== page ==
Firemen threaten strike on death pay

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FIRE SERVICE managers were threatened with nationwide strikes yesterday if they press ahead with plans for a 40 per cent reduction in compensation paid to the families of firefighters killed on duty.

Ken Cameron, general secretary of the Fire Brigade's Union, said the proposal would be the "last straw" for his members, who have already taken sporadic industrial action over cuts to staffing. Mr Cameron is seeking an urgent meeting with Jack Straw, the Home Secretary, in an attempt to reach a settlement.

The Local Government Management Board had told the union that it wants to reduce the compensation payment - which is also granted to firefighters who are permanently disabled - from five years' pay to three.

The move by management comes amid strong indications that local authorities will be unable to afford a wage increase due to firefighters without making fresh cuts.

The pay formula, which ties wages to that of skilled manual workers, is likely to yield an increase of around 5.8 per cent, but only 4.8 per cent has been allotted in the Government's Comprehensive Spending Review.

Attempts to make cutbacks in Essex sparked a prolonged campaign of 24- hour stoppages.

Union members have also expressed dismay over Home Office attempts to lower the pension entitlements of new recruits, and a management drive to decentralise negotiations on hours of work and holidays.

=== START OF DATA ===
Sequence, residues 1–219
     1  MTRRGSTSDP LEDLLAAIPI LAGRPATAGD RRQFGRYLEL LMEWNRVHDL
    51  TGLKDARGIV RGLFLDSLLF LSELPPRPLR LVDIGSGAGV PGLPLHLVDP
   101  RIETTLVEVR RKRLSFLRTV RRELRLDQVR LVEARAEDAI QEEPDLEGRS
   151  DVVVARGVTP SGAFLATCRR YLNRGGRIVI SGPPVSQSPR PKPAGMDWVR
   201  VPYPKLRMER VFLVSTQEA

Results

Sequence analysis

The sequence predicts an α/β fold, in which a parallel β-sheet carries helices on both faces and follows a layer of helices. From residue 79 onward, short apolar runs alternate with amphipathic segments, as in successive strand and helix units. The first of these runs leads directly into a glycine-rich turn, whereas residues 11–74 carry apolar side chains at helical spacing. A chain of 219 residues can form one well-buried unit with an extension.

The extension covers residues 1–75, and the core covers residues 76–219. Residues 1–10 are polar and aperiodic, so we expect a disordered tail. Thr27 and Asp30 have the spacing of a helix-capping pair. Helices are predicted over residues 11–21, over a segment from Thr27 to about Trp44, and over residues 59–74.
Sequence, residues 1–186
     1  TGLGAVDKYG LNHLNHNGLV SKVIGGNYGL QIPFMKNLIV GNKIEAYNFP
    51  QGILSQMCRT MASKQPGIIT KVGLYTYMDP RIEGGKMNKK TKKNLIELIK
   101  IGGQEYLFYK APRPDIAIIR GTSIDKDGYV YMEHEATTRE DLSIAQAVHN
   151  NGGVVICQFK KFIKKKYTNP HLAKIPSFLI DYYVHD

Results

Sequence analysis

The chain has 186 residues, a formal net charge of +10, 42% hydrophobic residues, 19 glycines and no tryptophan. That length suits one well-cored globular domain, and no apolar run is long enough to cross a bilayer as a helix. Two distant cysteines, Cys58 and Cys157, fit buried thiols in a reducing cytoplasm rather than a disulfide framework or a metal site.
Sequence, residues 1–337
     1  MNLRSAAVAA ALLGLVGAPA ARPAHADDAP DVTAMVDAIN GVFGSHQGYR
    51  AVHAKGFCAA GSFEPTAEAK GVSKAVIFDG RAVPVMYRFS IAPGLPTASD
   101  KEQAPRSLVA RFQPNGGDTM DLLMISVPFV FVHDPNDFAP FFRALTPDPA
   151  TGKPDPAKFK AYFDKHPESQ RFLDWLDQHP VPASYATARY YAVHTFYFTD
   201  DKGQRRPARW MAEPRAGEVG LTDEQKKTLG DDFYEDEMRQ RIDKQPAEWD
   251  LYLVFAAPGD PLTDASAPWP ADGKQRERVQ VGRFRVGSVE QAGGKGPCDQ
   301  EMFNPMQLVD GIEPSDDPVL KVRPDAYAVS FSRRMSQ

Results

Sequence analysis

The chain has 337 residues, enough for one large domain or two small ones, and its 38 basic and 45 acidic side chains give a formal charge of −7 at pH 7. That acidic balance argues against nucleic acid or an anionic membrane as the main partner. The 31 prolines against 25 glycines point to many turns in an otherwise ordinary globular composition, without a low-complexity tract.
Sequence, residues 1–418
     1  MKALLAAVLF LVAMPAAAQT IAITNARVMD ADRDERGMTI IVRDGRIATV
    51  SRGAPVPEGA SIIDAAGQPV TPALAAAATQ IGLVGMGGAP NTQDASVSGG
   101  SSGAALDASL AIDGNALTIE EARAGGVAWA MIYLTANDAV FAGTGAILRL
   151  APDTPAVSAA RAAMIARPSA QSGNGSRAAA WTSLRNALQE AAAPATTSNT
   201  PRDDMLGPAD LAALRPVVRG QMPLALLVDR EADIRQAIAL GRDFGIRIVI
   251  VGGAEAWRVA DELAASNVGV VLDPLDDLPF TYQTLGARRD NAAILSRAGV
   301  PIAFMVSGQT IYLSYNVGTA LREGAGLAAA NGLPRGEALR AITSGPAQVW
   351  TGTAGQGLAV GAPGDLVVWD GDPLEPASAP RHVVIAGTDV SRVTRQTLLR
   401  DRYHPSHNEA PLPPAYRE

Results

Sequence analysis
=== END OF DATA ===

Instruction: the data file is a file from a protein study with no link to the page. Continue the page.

Mr Cameron said management proposals on compensation amounted to a "significant alteration" to firefighters conditions of service. "This would have serious financial consequences for the widows and orphans of my members who are killed on duty. Management is trying to undermine a whole range of benefits. This amounts to a time-bomb, and our members will be saying `enough is enough' if they go ahead with plans to reduce compensation. There's no doubt there will be an industrial reaction from my members."

Mr Cameron will meet members of his union on 8 October to assess their views.

Charles Nolder, of the management board, pointed out that the families of firefighters who died on duty received a lump sum worth seven years' pay - five years worth of compensation and a further two years under the pension scheme. He said management wanted to bring the entitlements in line with those received by police officers.

The board decided to lower the compensation pay-outs after it was discovered that more was being paid than was dictated by Parliament. An order would have to be laid before Parliament to legitimise the scheme, and management decided to take the opportunity to alter it.

He acknowledged that the finances of the service had been "squeezed", but argued that firefighters enjoyed one of the most generous pay and conditions packages in the public service. Mr Nolder said that the Grey Book, which dictated conditions of service, was between 30 and 40 years old and needed to be updated. He said that negotiations in the service were the most centralised in the state sector and there was a need for more local flexibility.